The authors went on to note that Brewer's lectures were highly organized yet still passionate: "He jumps around the stage, from maps to blackboard to slide screen, cursing irresponsible historians, and bellowing out the Truth." Most telling was their conclusion:
More than a lecturer, more than a fashion-plate, John Brewer is a teacher. His interest in students occasionally overflows into demagoguery and bad jokes, but the sentiment is there.
That indeed was the John Brewer I came to know well and admire in my remaining two years in Cambridge. That class is also one of those special ones where what you really learned only becomes clear in the long run. I didn't do quite as well as I had hoped (My grade? None of your business and that's not the point of this essay anyway); however, I still regularly refer to and use concepts from E.P. Thompson's classic essays on the "moral economy of the crowd" and "class struggle without class." In fact, the latter informs a recent essay I wrote connecting the Mekons and punk rock to American Alt.Country. In that class John had the publishers rush us pre-publication copies of Roy Porter's mighty little English Society in the 18th Century, invited John Styles over from Bath to lecture on class, and hosted a visit by Graham Swift, who'd just finished but hadn't yet published Waterland. Now that's what I call intellectual juice!

As I was preparing for my fellowship year abroad at York, he arranged to have lunch at one of Cambridge's hidden gems, Iruña. Over spanish omelettes and a pitcher of Sangrìa, he took me through everything I'd need to know to survive life in a British university, suggested some less well known tourist trips worth making, and generally helped me prepare for life abroad by myself (I had lived in Stockholm, Sweden and Freiburg-im-Briesgau, Germany previously but always with my family). As always we also talked about my latest musical finds.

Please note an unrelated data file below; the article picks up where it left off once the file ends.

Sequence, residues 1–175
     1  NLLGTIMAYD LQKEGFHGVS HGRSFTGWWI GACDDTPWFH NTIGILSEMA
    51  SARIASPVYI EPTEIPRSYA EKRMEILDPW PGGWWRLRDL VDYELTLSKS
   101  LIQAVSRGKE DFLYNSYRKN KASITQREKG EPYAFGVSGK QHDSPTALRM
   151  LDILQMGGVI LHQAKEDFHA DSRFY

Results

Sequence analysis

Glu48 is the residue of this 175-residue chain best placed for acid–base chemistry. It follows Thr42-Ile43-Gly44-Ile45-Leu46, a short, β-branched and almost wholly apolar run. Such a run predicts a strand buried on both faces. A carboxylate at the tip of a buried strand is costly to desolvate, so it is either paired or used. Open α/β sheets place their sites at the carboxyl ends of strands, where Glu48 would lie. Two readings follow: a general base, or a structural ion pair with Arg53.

That semester he also taught a new, experimental class, "Britain since 1945." This grand interdisciplinary course featured a listening party of the finest British rock and roll from Tenpole Tudor right the way through to the latest offering from the Smiths, an incredibly diverse reading list, and a fantastic film series with everything from Albert Finney's starring debut in Saturday Night and Sunday Morning through Peter Seller's brilliant dual roles in I'm All Right Jack to Bob Hoskin's modern noir classic The Long, Good Friday and my personal favorite Bill Forsyth's small gem Gregory's Girl featuring Altered Image's oh so fetching frontwoman, Clare Grogan. I wrote a paper based on research I did at the British Library's Music divison during spring break in London on the politics of punk rock with respect to The Sex Pistols, The Clash, and The Jam.

Oh yes, the in-class competition. One day in class Brewer casually mentioned he had a prize for whoever could identify the most faces on the cover of Sgt. Pepper's. Sir Peter Blake's original is in a museum now. A few days later I gave him a nearly complete list. Truth be told, I did consult some reference sources at one point, but they were mainly unreliable as so much rock writing is. One of the evils of the Internet is it makes contests like this almost pointless anymore. The next class somebody asked if the contest was still open and I was so proud to hear Brewer say, "Technically yes, but don't bother because you won't win!" Score! My prize was the purchase of an album of my choice from the Harvard Coop's famous record department, then the finest in New England. I chose Abbey Road which was the one late Beatles album I had somehow missed out on purchasing back in the late 1960s or since then. Yup, that's what I call hip.

Post-Harvard, I have had infrequent meetings with John, usually when we were both in London working at the Reading Room of the British Library. In those days it was still inside the British Museum in what is now the Great Court. We would get togther for lunch (Italian or Greek somewhere in Bloomsbury) or drinks (The Museum Tavern or The Princess Louise on High Holborn) and chat about our projects and whatever was of interest in the papers that week. John kindly put up with my sometimes overly enthusiastic naïveté. But always he asked me "What are you listening to?" as if my taste really mattered. For that and for everything else John, thanks ever so much. And as they say in my beloved Yorkshire "Ta."

In future editions of this column, which like an endless Ray Charles tune will be titled "What is Hip? Part [appropriate number here]," you'll meet amongst others the 2nd grade teacher who first dubbed me G.E. Light, the swim coach who saw me finish 4th in the state of Florida at Junior Olympics while dropping 30 seconds off my previous time in my second competitive try at the 500 yard free as a twelve year old, and the 8th grade English teacher who first showed me Citizen Kane, thus beginning my formal cinematic education.